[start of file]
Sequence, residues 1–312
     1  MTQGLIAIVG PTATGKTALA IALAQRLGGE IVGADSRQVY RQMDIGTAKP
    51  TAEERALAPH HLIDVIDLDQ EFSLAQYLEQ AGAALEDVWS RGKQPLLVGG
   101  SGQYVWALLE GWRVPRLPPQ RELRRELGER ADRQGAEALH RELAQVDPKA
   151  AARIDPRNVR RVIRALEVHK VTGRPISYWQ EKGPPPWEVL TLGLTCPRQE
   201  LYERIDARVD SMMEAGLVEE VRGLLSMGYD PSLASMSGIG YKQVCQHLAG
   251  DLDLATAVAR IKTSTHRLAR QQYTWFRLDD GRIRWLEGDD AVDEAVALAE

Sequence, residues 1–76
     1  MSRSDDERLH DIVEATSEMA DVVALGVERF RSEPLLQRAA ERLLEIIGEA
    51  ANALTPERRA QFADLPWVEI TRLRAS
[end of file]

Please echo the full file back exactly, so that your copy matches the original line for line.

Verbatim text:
Sequence, residues 1–312
     1  MTQGLIAIVG PTATGKTALA IALAQRLGGE IVGADSRQVY RQMDIGTAKP
    51  TAEERALAPH HLIDVIDLDQ EFSLAQYLEQ AGAALEDVWS RGKQPLLVGG
   101  SGQYVWALLE GWRVPRLPPQ RELRRELGER ADRQGAEALH RELAQVDPKA
   151  AARIDPRNVR RVIRALEVHK VTGRPISYWQ EKGPPPWEVL TLGLTCPRQE
   201  LYERIDARVD SMMEAGLVEE VRGLLSMGYD PSLASMSGIG YKQVCQHLAG
   251  DLDLATAVAR IKTSTHRLAR QQYTWFRLDD GRIRWLEGDD AVDEAVALAE

Sequence, residues 1–76
     1  MSRSDDERLH DIVEATSEMA DVVALGVERF RSEPLLQRAA ERLLEIIGEA
    51  ANALTPERRA QFADLPWVEI TRLRAS